#Forgotten10: Filipino Tribes Through the Lens

MANILA, Philippines -- Indigenous Filipinos were placed in the spotlight yesterday, 9 January 2014, as Asia Society Philippines and Katutubong Filipino Project opened the Photo Exhibit entitled “The Forgotten Ten” at the Waterdragon Gallery, Yuchengco Museum. Attended by a diverse crowd from across sectors, the photo exhibition featured documentary photographer Jacob Maentz photographs of Filipino Indigenous groups, such as the Agta, Applai, Badjao, Kalinga, Mangyan, Manobos, Pala’wan, Tagbanua.

During the program, documentary photographer Jacob Maentz spoke about the importance of photography as a means of highlighting causes, most especially the cultural heritage and traditions of the indigenous tribes of the Philippines. He said his hope was that the project become something truly special and that it provokes thought and change for the country’s often forgotten indigenous groups.


“Images themselves don’t change the world, but images have caused reactions in people, and those reactions have caused change to happen.”

-- Jacob Maentz



Photographer Jacob Maentz speaks about this two-year project

living with and documenting Filipino tribal communities.

Lawyer, indigenous advocate and a Mangyan tribal member himself Atty. Renato Zosimo Evangilista also spoke at the event. He spoke candidly about his experience transitioning from a traditional tribal life to becoming a lawyer fighting for the rights of his people, the Hanunuo-Mangyan tribe in Oriental Mindoro. Atty. Evangelista pursued his Masters of Law at he University of Essex under the British Chevening Scholarship.

Atty. Renato Zosimo Evangilista speaking about his experience as an Mangyan

and the challenges growing up. 


The Photo Exhibit
The photographic exhibition provides images of the diverse and culturally-rich lives of the various indigenous tribes in the Philippines. Through its rich and compelling imagery, Jason’s images depicts how the Filipino indigenous groups maintain their traditions but also adapt to a globalized society. Seeing the need to preserve the tribal communities cultural heritage and rights, this exhibit calls for stronger appreciation and respect for the rich tradition and extraordinary lives of today’s indigenous people in the Philippines.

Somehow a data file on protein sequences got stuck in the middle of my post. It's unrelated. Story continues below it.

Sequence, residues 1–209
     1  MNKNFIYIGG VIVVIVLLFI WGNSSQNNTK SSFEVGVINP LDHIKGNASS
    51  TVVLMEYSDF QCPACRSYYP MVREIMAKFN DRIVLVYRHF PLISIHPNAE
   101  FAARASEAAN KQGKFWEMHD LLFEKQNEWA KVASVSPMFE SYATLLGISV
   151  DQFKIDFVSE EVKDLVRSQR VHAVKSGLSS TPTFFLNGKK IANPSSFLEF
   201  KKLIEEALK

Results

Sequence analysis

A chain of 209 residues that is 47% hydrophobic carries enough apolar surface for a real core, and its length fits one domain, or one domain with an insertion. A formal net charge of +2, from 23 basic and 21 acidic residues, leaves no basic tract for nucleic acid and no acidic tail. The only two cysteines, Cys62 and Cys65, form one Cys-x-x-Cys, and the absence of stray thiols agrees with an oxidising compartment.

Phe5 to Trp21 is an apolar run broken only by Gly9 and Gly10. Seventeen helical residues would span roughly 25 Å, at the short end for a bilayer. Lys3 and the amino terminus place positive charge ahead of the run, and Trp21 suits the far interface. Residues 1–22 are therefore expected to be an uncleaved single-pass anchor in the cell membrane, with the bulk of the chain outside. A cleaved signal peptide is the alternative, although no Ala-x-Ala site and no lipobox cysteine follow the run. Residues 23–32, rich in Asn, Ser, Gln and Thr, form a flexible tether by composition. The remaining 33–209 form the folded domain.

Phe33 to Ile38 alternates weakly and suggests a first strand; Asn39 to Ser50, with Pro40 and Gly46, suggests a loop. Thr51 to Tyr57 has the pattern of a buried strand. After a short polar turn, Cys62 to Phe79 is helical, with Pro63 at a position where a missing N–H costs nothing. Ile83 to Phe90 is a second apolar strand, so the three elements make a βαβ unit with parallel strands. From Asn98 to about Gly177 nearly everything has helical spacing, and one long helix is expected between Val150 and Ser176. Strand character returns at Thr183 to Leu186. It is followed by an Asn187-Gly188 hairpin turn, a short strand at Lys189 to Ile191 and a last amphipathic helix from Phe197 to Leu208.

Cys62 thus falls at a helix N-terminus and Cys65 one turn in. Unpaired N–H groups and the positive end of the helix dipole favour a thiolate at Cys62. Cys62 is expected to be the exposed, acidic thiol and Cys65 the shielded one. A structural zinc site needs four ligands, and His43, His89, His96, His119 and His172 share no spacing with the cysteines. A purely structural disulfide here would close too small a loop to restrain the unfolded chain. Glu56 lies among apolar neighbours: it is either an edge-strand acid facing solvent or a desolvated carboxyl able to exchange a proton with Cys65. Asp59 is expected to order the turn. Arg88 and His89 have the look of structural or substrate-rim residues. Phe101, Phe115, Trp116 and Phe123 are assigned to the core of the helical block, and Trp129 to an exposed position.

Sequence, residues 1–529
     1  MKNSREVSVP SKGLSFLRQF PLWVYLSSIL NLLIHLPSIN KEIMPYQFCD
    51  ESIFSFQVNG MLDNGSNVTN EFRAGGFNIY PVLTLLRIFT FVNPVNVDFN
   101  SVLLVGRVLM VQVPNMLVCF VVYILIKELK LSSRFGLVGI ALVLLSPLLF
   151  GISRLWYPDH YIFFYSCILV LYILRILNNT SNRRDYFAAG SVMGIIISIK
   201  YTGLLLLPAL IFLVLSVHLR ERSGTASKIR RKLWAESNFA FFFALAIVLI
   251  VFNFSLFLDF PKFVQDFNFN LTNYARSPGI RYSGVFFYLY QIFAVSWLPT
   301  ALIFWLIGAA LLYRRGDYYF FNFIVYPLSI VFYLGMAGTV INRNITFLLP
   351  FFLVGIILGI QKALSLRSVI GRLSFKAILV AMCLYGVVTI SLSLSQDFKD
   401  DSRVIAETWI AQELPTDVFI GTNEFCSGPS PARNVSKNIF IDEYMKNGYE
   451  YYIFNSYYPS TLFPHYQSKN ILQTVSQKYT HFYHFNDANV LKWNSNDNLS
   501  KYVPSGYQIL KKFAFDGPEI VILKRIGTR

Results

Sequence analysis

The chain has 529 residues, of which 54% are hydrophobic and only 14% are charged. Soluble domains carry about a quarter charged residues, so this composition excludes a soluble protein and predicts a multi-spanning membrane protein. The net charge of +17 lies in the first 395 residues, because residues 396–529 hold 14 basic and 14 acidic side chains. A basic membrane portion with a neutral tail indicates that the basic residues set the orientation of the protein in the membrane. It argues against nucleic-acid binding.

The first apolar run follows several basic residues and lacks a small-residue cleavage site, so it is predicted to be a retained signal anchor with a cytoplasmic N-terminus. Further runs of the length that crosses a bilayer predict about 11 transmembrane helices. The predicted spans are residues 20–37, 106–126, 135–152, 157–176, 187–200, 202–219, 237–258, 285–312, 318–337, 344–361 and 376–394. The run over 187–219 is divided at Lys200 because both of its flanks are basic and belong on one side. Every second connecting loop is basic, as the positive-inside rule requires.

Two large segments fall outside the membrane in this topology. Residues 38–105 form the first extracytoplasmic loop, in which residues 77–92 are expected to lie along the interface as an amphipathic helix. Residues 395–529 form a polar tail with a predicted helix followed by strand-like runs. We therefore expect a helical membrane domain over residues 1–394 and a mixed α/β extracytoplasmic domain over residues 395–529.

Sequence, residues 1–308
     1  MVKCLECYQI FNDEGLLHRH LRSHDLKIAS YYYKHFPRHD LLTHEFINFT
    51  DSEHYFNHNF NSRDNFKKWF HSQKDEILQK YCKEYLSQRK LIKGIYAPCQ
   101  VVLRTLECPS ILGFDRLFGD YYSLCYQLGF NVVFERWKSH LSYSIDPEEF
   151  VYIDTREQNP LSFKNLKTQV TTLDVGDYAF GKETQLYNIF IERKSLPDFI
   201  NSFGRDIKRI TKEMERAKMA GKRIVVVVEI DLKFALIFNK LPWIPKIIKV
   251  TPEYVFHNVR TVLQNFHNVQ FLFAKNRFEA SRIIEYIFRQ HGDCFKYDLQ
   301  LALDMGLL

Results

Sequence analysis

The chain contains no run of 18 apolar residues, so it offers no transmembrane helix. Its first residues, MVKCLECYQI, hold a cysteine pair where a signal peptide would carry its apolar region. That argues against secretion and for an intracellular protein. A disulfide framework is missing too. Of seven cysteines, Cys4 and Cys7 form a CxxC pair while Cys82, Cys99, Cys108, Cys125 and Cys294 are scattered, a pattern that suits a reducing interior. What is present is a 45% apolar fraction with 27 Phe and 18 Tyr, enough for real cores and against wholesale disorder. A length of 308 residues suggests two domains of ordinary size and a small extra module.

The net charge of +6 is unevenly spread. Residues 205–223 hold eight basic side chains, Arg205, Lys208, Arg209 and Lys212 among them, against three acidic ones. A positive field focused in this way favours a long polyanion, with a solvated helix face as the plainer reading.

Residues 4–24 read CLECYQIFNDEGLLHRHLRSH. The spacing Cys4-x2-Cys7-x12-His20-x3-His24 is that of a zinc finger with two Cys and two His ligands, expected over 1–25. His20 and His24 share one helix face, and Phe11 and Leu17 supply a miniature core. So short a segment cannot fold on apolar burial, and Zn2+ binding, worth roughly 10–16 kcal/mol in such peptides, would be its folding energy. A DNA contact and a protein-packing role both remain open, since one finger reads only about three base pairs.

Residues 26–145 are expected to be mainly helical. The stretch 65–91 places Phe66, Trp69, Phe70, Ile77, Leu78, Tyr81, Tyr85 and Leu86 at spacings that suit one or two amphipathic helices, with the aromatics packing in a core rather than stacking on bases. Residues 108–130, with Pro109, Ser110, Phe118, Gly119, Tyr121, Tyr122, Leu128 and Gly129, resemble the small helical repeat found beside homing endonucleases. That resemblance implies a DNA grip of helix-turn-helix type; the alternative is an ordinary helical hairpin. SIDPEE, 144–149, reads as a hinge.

Guests view photographs on the double-level photo exhibition. 


The Photographer
Jacob Maentz has spent almost two years traveling around the archipelago to capture images of the Filipino Indigenous groups. He has a long-term outreach campaign entitled “The Katutubong Filipino Project” (www.katutuboproject.org), which features more of his photographs of the tribal communities.

For more information about Maentz, you may visit http://www.jacobimages.com/.

The Forgotten Ten Exhibit is open for public viewing starting today, 10 January until the 23rd at the same venue.

The exhibit is co-presented by Ultra Digital Imaging, sponsored by Friends for Cultural Concerns of the Philippines and The Extra Mile Productions, and supported by Far Eastern University, Yuchengco Museum, and San Miguel Brewery.


The exhibit will run from January 10-23, 2014. The Yuchengco Museum is located at RCBC Plaza and is open Monday to Saturday from 10am to 6pm.  


Text by and special thanks to Rhinnon Pamintuan.